Numbers-based decision-making may be our best bet to save threatened salmon populations.
“Despite all the pressures they’re facing, Pacific salmon are still showing up,” says UBC Forestry Prof. Tara Martin.
Chinook, coho and sockeye salmon runs are quintessentially BC; however, stocks have been on a marked decline since the mid-1990s, largely due to habitat loss, warming ocean temperatures from climate change, fishing and shifting landscape uses.
“Climate change is perhaps the single biggest overarching factor because it’s depleting salmon’s food sources in the ocean, where some species spend the majority of their lives,” notes UBC Forestry Prof. Scott Hinch, Director of the Pacific Salmon Ecology and Conservation Lab.
“Compounding the impacts of climate change are land use practices such as forestry, agriculture, urbanization and water extraction that degrade habitat and can also create numerous barriers for fish to access habitat,” Scott adds. “It’s almost like death by a thousand cuts.”
In the Fraser Valley, around 85% of floodplain habitat used by 19 genetically and ecologically distinct Pacific salmon populations has been lost to agriculture, housing and businesses. In addition, “our research also shows that around 64% of stream length is now either lost entirely or inaccessible to salmon due to barriers, such as dams, floodgates and road culverts,” says Tara.
To address this, Tara and her team have embarked on a project that takes a Priority Threat Management approach to quantify threats to wild Pacific salmon species and the related costs of protecting them. Developed by Tara’s Conservation Decisions Lab, Priority Threat Management is a decision-making tool that illustrates how to recover the most species for the least cost using a scientific, data-driven approach.
“Priority Threat Management draws on empirical data and expert knowledge of major threats to biodiversity to forecast the expected outcome of tailored management strategies on species recovery and persistence, along with the cost and feasibility of those strategies,” says Tara.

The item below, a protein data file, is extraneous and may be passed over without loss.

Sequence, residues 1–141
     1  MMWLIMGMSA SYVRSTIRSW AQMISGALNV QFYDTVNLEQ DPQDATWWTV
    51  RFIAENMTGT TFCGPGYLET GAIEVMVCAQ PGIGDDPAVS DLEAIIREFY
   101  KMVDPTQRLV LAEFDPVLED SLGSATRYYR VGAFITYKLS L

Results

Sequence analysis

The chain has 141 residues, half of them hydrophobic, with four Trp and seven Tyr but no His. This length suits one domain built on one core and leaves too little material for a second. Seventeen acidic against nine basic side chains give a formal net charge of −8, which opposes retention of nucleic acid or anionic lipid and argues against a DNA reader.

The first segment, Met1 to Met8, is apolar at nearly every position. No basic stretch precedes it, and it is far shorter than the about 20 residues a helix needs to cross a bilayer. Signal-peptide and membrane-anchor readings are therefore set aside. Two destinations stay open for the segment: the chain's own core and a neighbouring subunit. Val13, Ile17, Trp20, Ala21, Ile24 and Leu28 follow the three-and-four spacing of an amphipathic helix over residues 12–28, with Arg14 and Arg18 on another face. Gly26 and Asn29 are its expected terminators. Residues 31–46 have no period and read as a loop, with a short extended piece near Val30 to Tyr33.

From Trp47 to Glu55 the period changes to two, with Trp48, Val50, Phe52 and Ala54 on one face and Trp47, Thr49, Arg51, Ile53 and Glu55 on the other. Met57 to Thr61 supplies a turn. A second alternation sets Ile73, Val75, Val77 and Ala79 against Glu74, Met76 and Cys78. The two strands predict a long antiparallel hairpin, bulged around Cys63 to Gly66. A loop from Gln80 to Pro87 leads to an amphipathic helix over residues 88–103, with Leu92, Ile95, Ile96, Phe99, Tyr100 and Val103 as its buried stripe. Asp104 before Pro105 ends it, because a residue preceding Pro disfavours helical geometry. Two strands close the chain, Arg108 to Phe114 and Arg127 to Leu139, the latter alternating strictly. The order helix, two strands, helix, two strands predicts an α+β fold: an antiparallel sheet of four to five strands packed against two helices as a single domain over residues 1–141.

The approach can help decision-makers in Indigenous, federal, provincial and municipal governments select the most prudent path forward to save as many species as possible for the least cost. Importantly, research also shows that the expected benefit of implementing salmon management strategies increases when supported by Indigenous and crown governments, Tara adds.
Habitat restoration is a key lever
Tara and Scott’s research, published in the Journal of Applied Ecology in April 2022, calculated that to support healthy populations of 14 distinct salmon species in the Lower Fraser River would cost approximately $20 million per year for 25 years. Moneys would go towards a suite of habitat restoration strategies that would involve restoring coastal areas found at the tidal mouths of rivers, along with freshwater restoration, barrier removal, habitat protection and updates to watershed management policies.
Implementing conservation strategies for an additional three salmon species would double the cost, their assessment concluded. Doing nothing will likely lead to the slow decline of all 19 salmon species found in the Lower Fraser.
“Run sizes in the southern latitudes are shrinking, whereas salmon populations in northern regions are doing ok,” says Scott. While the number of salmon in the north Pacific continues to increase, population diversity is declining, which will ultimately further weaken salmon’s resilience to climate change, adds Scott.
Learn more at: pacificsalmonecologyconservationlab.ca
This article was originally published in the Spring 2023 issue of Branchlines Magazine. View the full issue here.